Relatively little is known of the distribution, abundance and ecology of small mammals in Mongolia (Clarke et al. 2006) and as a result there is scant knowledge of the effects of environmental and anthropogenic factors on small mammal populations. More than 25 % of Mongolia is classified as mountain-steppe (Mallon, 1985) and a variety of small mammals occur in this habitat type. However mountain steppe regions are also increasingly occupied by humans, resulting in wildlife being threatened by competition with livestock for pasture and water and illegal hunting. Globally, many studies have found a decrease in the abundance and diversity of small mammals with an increase in grazing intensity (e.g. Schmidt et al., 2005). In Mongolia, livestock stocking rates are increasing at a rapid level in the mountain steppe regions and this can result in grass on the steppes being shorter and sparser, with reduced soil moisture content, which is predicted to alter small mammal diversity and species composition (Wang et al., 2003). Outbreaks of Brandt’s vole (Microtus brandti), in conjunction with grazing pressure, can drastically defoliate grasslands. However, poisoning to control Brandt’s vole can also negatively impact on other native mammals and birds (Natsagdorj & Batbayar, 2002). A number of small mammals in the steppe regions are hunted for food and fur, such as the Siberian marmot (Marmota sibirica) and some species of ground squirrel (Citellus spp.). The aim of this study was to assess the occurrence of small mammals in the mountain steppe region near Erdensant, Tцv aimag, from live-trapping and analysis of mammal remains from raptor pellets and below nests. We also collected some preliminary ecological data on species overlap and discuss possible mechanisms which allow species to co-exist.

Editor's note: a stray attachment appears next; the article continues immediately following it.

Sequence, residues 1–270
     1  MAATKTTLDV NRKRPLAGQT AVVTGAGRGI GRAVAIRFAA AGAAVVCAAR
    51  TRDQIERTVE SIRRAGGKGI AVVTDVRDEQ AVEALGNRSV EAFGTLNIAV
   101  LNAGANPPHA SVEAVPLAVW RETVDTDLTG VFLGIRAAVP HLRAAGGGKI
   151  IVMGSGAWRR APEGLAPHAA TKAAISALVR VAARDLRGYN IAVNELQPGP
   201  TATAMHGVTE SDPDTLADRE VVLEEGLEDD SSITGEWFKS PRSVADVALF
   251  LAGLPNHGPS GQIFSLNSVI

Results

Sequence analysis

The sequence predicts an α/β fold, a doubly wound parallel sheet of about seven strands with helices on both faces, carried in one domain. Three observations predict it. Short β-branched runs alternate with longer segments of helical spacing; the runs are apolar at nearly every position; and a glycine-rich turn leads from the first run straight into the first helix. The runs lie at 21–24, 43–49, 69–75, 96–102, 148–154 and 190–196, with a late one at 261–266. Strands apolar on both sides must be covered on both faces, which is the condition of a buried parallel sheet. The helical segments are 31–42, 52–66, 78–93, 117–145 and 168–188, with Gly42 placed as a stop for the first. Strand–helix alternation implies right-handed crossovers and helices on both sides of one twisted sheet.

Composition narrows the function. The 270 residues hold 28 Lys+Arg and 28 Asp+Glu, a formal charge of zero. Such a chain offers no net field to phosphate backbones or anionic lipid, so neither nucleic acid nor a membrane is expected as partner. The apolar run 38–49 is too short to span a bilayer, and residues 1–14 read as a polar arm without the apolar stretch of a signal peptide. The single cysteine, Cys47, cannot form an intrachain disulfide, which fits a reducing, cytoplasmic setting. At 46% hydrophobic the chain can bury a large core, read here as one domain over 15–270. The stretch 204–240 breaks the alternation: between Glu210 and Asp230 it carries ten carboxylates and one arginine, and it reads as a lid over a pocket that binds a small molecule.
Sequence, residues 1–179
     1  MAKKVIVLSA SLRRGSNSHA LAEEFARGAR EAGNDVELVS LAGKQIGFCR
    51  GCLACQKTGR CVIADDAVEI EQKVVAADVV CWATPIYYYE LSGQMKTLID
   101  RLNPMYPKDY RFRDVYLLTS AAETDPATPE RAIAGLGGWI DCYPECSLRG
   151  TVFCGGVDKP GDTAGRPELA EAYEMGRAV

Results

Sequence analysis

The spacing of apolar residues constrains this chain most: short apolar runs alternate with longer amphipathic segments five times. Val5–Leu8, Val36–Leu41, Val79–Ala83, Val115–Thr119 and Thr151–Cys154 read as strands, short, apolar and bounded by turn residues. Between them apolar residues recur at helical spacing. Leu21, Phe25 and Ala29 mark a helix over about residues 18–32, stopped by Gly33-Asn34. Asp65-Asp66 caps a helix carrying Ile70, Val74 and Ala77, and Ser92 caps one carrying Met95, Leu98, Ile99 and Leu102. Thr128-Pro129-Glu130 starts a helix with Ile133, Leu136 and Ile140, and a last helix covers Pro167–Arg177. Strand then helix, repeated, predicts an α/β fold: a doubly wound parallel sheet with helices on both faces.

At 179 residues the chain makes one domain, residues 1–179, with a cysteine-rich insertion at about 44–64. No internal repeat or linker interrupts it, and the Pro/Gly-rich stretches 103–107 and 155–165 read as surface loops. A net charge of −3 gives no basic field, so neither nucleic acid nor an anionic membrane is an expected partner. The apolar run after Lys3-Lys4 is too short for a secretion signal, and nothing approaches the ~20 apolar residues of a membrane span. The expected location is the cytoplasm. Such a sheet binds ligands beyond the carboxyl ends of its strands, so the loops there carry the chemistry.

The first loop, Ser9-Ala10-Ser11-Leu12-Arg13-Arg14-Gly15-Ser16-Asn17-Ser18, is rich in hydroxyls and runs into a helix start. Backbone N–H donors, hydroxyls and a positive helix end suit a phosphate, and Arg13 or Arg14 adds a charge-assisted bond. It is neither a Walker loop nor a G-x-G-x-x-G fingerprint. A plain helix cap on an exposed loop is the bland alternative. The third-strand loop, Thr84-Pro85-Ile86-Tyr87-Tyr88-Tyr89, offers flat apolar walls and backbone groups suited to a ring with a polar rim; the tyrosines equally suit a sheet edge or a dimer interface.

Material and Methods
The study area (around N 47˚ 07’, E 104˚ 20’) was located in a valley adjacent to the Batchan Protected Area, Tцv aimag, approximately 8 hours drive south-west of Ulaanbaatar. Vegetation included mixed birch (Betula platyphylla) forest patches on north facing slopes, with rocky outcrops and steppe vegetation on other slopes, e.g. Siberian needlegrass (Stipa siberica), foot-like sedge (Carex pediformis) and bluegrass (Poa attenuate). Salix spp. scrub occurred in drainages and valley bottoms. The study took place between the dates of 15th June – 4th July 2005. Livestock present in the valley and nearby included horses, cattle and sheep.